Tuesday, May 3, 2005

Steve Shoff's "Meaningful Service Initiative"

For Steve's leaders' meeting ("E-quip") he had us fill out a service initiative statement. Here's what I put together after some short thought.

What? (overall idea/vision):

To bring each member of my group to another level of maturity and
connectedness with each other and the rest of the fellowship; to
empower each of them to clarify their own needs and what it will take
to meet them; to empower each of them to pursue their own individual
or collective projects with community, workplace, or church

Why? (reason/purpose/meaning):

We haven't spent enough time cultivating people and their gifts, to
where each person knows him- or herself deeply and knows what he or
she can offer. As a result we have many who do not know what they
really want and feel instead like they are wandering without hope or

Who? (people involved/friends/team):

My "Changes That Heal" discipleship/support group. I also need to
develop relationships with people that will meet my needs more
directly; specifically, strong-charactered men that I respect.

What for? (goals/objectives/aims):

An overall more healthy west region, and more specifically, singles ministry.


I'm not exactly sure how I feel about it. I mean, partly I just put something in order to fill in the blanks. During the meeting itself we worked on a "Credo Memo" — an exercise described in the book The Leadership Challenge. The task is as follows: assume you are on a paid sabbatical from your job or group for six months and will have no contact at all during this time. What kind of memo would you leave them with? We worked on it for about ten minutes; I spent the first half of it finishing my Pat & Oscar's BBQ chicken and thinking what to write and then the last quarter of it cleaning off my hands. Unfortunately I lost the paper after the meeting. I'm pretty sure I put something like this though:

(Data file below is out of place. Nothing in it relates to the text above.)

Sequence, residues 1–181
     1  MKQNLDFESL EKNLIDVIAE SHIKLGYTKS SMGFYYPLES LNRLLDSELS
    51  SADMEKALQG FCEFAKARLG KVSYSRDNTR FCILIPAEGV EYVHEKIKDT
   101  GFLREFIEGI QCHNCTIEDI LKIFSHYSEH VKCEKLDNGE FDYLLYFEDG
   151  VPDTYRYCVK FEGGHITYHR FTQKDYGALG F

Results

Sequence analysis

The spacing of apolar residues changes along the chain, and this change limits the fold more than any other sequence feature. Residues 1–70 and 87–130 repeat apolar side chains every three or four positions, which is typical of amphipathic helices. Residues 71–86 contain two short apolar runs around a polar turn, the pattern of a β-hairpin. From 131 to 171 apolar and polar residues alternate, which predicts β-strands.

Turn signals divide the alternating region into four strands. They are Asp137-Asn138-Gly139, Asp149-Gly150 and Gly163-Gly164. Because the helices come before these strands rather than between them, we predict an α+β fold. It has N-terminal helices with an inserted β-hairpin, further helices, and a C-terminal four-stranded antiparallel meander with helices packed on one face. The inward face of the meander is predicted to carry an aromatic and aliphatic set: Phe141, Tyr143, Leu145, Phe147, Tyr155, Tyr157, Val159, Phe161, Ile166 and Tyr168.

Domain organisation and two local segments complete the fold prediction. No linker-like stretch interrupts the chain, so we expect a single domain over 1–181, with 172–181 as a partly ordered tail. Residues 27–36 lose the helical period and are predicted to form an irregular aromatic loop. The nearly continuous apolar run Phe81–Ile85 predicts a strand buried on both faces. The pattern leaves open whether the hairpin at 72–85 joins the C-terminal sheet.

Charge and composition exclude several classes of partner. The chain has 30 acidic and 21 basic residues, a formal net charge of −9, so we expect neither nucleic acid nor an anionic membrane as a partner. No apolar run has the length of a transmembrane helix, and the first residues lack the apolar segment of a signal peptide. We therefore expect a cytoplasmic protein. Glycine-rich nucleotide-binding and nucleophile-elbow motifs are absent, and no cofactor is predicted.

Credo Memo

Help people be the best that they can be by: letting them be themselves, cultivating their strengths, realizing their weaknesses, celebrating their victories and mourning their losses. Love several different forms, at several different times, in many different ways.


As I wrote that I kept thinking, the more I write, the easier it is to get too bogged down into details and to place too much emphasis on something, to the neglect of something else. It seems that I am limited to the overly broad term "love" to express my thoughts. I start to appreciate how supremely difficult it would be to write something like the bible, for this reason. I wonder if that is why the book of John can seem so "lofty" sometimes, as if John purposely kept things very conceptual. To those who would criticize the bible for not spelling things out more explicitly — I imagine it is pretty difficult to write something useful enough that the population that benefits from it transcends gender, age, culture, and even historical time period.

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